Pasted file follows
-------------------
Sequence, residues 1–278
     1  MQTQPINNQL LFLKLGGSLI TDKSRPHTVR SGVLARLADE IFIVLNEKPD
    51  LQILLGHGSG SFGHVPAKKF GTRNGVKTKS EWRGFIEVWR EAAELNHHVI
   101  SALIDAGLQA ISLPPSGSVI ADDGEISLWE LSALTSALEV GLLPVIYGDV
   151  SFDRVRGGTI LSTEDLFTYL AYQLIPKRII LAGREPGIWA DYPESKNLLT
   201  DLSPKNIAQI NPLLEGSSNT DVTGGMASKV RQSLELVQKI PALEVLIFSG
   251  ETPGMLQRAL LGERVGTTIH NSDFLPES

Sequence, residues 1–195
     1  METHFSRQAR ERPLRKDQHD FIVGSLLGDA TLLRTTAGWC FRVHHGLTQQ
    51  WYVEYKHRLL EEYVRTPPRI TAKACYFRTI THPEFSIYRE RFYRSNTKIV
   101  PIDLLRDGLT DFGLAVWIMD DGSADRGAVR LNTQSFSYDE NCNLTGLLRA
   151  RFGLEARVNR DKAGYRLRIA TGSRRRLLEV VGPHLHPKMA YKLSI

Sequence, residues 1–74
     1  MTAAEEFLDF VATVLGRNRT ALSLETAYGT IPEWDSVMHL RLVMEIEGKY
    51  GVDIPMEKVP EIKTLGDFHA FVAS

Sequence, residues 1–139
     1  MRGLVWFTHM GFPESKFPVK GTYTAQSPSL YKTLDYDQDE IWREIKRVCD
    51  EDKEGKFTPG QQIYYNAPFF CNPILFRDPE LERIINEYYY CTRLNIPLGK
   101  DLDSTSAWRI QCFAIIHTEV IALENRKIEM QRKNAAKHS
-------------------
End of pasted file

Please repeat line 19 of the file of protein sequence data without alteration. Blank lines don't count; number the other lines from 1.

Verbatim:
   101  DLDSTSAWRI QCFAIIHTEV IALENRKIEM QRKNAAKHS